Melchior also wrote or directed such enjoyable grade-B pictures as “Robinson Crusoe on Mars” and “Angry Red Planet.”
Vilmos Zsigmond was the cinematographer on this and our next film “The Monitors.” Over successive decades Zsigmond would become an award-winning photographer achieving acclaim for his work with directors like Spielberg, De Palma, Robert Altman and Woody Allen.
“The Monitors” represents the zeitgeist of the turbulent ‘60s. The story revolves around aliens who have taken over Earth with the express purpose of imposing peace.
The main action is set in Chicago. All of the aliens wear bowler hats. This look was imitated in the more recent but unrelated “The Adjustment Bureau” (2011).
This time the aliens are the good guys, yet humans won’t stand for being forced to live in harmony. This comic situation is not only played for laughs but broad satire, complete with supporting roles from members of the Chicago comedy troupe Second City including Avery Schreiber, Alan Arkin and Peter Boyle.
Susan Oliver headlines as a famous actress who also works for the Monitors and Guy Stockwell as a pilot who refuses to be monitored.
Oliver has been assigned to keep tabs on Stockwell who himself has been contacted by the anti-Monitor underground group SCRAG (Secret Counter Retaliatory Group). Other supporting players like Sherry Jackson and Larry Storch provide an injection of sexuality and comic relief. Note that both Jackson and Oliver were femme fatale guest stars on “Star Trek.”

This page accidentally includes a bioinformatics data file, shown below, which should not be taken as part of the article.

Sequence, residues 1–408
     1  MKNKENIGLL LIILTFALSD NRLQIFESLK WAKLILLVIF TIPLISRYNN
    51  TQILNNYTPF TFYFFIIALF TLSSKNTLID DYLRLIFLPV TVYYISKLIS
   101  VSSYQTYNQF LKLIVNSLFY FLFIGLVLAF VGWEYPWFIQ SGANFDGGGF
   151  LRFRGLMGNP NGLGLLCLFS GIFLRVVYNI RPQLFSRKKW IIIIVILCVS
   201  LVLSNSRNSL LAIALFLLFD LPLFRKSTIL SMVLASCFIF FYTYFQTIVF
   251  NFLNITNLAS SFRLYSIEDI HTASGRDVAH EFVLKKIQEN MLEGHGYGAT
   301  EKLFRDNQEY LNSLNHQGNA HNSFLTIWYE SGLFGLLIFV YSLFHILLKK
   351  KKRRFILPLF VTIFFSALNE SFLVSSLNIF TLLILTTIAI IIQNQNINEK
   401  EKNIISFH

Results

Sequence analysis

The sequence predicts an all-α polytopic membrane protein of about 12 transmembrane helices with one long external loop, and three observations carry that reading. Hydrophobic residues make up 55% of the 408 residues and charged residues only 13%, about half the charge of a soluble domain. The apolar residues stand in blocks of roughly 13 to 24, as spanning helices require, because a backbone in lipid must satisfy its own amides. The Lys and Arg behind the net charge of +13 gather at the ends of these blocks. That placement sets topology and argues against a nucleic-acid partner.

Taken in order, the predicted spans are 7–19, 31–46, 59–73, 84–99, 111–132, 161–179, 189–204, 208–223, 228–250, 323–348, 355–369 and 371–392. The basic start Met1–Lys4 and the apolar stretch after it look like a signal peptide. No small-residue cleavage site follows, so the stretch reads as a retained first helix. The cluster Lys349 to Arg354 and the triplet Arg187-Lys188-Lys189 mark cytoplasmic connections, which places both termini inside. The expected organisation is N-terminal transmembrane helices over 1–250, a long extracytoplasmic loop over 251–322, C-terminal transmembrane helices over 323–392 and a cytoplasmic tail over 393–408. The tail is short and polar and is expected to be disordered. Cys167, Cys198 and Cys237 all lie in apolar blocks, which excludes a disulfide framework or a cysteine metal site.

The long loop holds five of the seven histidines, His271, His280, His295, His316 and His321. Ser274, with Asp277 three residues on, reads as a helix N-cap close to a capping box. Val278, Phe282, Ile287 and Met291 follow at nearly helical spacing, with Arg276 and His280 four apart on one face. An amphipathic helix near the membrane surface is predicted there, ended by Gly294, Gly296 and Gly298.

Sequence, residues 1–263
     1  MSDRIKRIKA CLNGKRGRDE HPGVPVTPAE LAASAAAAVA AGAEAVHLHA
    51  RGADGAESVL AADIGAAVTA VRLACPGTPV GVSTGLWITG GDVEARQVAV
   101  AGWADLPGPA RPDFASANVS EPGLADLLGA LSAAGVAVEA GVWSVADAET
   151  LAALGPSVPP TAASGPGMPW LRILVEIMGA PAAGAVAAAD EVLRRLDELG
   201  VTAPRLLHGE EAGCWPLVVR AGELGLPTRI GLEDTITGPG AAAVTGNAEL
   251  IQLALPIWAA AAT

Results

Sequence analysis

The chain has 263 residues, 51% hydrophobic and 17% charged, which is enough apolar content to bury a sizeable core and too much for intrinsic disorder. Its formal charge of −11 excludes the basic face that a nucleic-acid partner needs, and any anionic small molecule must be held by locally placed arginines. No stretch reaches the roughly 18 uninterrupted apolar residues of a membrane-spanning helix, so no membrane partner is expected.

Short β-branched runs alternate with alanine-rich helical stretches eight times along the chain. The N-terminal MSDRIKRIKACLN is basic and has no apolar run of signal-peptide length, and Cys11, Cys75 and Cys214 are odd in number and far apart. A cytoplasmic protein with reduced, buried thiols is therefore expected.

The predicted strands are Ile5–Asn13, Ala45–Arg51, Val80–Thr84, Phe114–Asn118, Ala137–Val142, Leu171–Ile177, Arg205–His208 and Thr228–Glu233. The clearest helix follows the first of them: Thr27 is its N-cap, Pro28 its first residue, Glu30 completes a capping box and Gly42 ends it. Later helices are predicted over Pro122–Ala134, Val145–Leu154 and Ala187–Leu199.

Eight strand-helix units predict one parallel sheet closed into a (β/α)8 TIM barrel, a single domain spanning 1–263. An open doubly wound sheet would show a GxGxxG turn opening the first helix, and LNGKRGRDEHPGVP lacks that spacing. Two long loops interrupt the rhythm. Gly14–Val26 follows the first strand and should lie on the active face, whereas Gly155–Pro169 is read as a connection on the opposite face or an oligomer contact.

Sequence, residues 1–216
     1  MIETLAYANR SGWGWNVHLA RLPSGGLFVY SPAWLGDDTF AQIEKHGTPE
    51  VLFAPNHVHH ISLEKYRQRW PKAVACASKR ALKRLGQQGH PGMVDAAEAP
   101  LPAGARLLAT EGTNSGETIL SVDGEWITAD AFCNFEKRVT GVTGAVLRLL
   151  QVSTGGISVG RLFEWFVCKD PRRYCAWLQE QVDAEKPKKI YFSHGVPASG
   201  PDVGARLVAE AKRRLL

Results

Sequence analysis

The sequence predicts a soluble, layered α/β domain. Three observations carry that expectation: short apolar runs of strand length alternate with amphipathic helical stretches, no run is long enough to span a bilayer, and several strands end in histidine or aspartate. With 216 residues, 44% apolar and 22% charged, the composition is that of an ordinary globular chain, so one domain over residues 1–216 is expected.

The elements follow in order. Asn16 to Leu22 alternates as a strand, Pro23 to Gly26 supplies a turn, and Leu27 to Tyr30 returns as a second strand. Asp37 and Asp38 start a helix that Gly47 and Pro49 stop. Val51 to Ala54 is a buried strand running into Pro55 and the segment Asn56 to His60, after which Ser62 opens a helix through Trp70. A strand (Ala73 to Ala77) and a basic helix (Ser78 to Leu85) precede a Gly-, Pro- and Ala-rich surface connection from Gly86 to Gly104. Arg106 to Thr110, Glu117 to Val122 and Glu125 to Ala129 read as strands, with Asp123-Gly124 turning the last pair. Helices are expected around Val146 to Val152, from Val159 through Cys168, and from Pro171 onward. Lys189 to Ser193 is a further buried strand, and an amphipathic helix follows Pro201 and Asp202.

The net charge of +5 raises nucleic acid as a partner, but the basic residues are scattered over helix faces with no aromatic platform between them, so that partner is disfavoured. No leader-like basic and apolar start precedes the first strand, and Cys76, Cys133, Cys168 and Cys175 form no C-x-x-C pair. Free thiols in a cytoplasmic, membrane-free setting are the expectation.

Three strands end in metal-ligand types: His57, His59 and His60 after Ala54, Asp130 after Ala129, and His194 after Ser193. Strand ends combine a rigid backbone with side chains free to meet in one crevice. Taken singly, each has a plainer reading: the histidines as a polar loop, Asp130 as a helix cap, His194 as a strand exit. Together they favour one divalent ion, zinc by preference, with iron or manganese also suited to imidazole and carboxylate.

When “The Monitors” came out in October of 1969 “Rowan and Martin’s Laugh In” was the number one television show and the advertising for “The Monitors” emphasized its combination of real life and actor cameos, not unlike the weekly participants of “Laugh-In.”
Such pop-up appearances include Senator Everett Dirksen and musician Xavier Cugat. Dirksen, noted for his gravelly voice, was the Senate Minority Leader and while a Vietnam hawk was in full support of civil rights. Cugat, a Cuban-Spanish bandleader, was a leading champion of Latin music during this era.
Director Jack Shea gives the film a rich editing profile highlighted by multiple montage sequences. Shea was primarily a television director yet during his tenure as President of the DGA (1997 – 2002) he was a staunch advocate for diversity in the guild.
All throughout “The Monitors” we cut to television commercials that promote the new rulers of Earth with cutesy short songs extolling their virtues. In a sense this is the kind of derision that permeates films like John Carpenter’s “They Live” (1988).
When Stockwell finally penetrates the Monitors stronghold with a SCRAG bomb you think the film has reached the apex.
“I admit Mr. Jordan, we have been able to look into your heart, but I don’t think we have ever or could ever fathom your hearts,” the head alien Jeterax (played by veteran actor Shepperd Strudwick) tells Stockwell.
The aliens calmly accept their defeat and await the explosion. The bomb turns out to be a dud.
“We’re willing to die, but we will not kill,” Jeterax says. “Yes I don’t laugh, weep or get drunk, Mr. Jordan I only serve. Now that’s no longer possible.”
And with that the Monitors leave and the Earth returns to its barbaric day-to-day lifestyle.